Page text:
3. Heidi V. says:

    “God’s faithfulness is the context of David’s story and ours. His sovereignty reigns over every plot point; His mercy is mightier than our regrets. By faith in God’s Son, Jesus, we can stand at the end of our days and say with David, “My house is with God. He has established a permanent covenant with me, ordered and secured in every detail. He will bring about my whole salvation.”” I’ve been facing a lot of plot points these days, and forgetting that God’s faithfulness IS the context of my story. Lord, protect me from the enemy who tries to convince me that I can be King and save myself. Isn’t that what he’s been doing since the Garden? Separating us from God with our very own pride? Humble me Lord. Over and over. Do what you must to bring me back to your protective, loving and faithful embrace again and again.

  4. kathryn macleod says:

    I found this a difficult study. leaving me wondering if after two years I should even stop? I found the darkness and the slaying and murders and violence difficult.I did not feel lifted up. I felt down. I have never delved into the study of the Old Testament. I have spent my life as a Christian and am finding there are many parts of the Bible I have never read. God may be calling me to continue..perhaps this was the lesson or the truth I was to learn.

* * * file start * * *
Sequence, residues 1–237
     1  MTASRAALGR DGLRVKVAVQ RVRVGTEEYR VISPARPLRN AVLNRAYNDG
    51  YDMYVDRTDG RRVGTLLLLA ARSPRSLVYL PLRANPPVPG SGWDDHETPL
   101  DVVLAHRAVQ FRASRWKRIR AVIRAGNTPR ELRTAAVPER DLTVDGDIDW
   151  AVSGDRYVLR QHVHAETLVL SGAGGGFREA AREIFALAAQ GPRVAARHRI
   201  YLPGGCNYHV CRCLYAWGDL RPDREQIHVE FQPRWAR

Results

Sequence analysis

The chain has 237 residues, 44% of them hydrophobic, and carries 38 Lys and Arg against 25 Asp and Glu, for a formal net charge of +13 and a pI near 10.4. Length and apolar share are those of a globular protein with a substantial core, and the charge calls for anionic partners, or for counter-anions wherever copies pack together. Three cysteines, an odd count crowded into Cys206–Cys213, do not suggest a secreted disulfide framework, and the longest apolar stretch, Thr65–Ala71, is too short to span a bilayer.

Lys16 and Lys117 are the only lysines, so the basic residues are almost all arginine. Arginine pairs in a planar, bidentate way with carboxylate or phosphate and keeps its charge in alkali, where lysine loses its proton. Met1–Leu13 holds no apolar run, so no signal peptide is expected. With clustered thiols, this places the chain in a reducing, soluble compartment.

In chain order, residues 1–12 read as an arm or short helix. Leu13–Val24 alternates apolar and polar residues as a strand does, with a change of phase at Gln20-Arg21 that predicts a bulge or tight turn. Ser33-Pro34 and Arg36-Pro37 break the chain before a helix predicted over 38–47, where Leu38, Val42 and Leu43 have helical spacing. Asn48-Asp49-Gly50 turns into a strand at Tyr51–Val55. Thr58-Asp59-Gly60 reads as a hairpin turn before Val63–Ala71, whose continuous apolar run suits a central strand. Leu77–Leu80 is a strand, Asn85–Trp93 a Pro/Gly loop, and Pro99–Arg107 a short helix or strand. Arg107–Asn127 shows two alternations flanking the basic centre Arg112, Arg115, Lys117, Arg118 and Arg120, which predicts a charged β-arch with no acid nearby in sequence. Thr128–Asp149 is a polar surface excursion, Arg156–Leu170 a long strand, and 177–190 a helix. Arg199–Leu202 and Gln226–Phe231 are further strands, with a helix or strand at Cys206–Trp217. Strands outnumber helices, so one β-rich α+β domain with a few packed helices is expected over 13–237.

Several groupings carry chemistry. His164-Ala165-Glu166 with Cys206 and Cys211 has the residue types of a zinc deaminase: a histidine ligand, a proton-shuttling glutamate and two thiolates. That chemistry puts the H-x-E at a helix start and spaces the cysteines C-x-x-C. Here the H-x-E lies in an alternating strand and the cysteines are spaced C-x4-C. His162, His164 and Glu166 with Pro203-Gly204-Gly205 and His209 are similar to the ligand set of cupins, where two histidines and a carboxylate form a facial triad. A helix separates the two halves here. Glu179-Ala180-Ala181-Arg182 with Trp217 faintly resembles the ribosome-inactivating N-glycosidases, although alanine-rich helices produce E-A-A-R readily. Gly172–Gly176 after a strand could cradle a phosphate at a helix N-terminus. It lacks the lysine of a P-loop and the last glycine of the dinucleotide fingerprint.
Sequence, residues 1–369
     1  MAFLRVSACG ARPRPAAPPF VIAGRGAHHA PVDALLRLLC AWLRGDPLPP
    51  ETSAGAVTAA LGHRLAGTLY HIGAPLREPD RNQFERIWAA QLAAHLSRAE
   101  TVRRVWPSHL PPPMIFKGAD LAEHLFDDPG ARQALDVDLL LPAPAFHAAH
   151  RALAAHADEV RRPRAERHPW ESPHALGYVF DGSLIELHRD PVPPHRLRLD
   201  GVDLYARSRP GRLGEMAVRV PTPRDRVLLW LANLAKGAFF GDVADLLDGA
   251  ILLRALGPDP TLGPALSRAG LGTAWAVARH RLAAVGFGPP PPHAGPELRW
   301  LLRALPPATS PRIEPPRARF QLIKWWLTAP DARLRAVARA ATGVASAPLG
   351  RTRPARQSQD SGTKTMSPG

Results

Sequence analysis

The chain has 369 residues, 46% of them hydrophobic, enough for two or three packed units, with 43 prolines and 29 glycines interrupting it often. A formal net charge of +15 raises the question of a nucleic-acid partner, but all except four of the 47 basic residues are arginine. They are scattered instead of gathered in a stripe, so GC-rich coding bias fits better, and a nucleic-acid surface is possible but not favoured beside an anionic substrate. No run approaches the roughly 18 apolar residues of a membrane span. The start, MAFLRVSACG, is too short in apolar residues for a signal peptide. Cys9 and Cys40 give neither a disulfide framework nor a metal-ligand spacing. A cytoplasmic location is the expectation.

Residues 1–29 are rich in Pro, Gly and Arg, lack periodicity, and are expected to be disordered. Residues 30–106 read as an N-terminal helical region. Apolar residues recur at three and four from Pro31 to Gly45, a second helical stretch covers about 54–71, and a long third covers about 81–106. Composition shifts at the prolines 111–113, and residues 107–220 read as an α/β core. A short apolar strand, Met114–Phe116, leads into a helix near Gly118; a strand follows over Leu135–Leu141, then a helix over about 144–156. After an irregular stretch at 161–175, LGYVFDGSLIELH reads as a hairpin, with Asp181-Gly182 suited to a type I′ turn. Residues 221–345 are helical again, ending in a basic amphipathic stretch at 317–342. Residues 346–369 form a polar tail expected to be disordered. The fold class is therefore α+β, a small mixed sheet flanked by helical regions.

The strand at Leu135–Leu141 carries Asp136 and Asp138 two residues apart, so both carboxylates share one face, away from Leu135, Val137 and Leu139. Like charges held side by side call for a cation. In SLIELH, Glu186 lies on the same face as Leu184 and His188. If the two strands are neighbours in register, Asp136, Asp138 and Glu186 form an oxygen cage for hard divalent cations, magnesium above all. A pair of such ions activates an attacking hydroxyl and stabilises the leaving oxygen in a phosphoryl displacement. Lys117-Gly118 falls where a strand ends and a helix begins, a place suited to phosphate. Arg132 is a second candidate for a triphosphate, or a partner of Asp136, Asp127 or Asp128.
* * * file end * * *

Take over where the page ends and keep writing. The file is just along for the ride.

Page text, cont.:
1. Heidi V. says:

      A strong dose of the Old Testament can be hard. But its so so good. Keep going. Dig deeper. These books make us take a deep look into ourselves and truly see our need for Christ. The taste of the Gospel is only sweeter after a few bites of the OT. When I first started studying the OT it was if I finally understood what it meant to be a Christian and to have my own faith. Before that – it was just my family’s tradition. My heart goes out to you Kathryn. He will not leave you – Christ is the balm your soul needs.

      1. kathryn macleod says:

        Thank you. I am really glad this one is over. I get the books delivered each month and I have for the past two years. I am really trying to get to know the Bible better and the study books are making me read parts I have never read. I find the OT tough…..the rapes,the polygamy,the violence even to children. I really struggle with feeling lifted up. I grew up in a very fundamentalist family- that came with tons of guilt and lots of things I am happy to drop as my own form of being a Christian takes place.

        1. Sarah D. says:

          I remember hearing Louie Giglio promoting the Jesus Bible that he and author pastors created…what I loved was that he related that Jesus is in both the Old Testament and the New Testament…just a reminder that there is purpose in the Old Testament books, because they point to our need for Jesus and God’s faithfulness.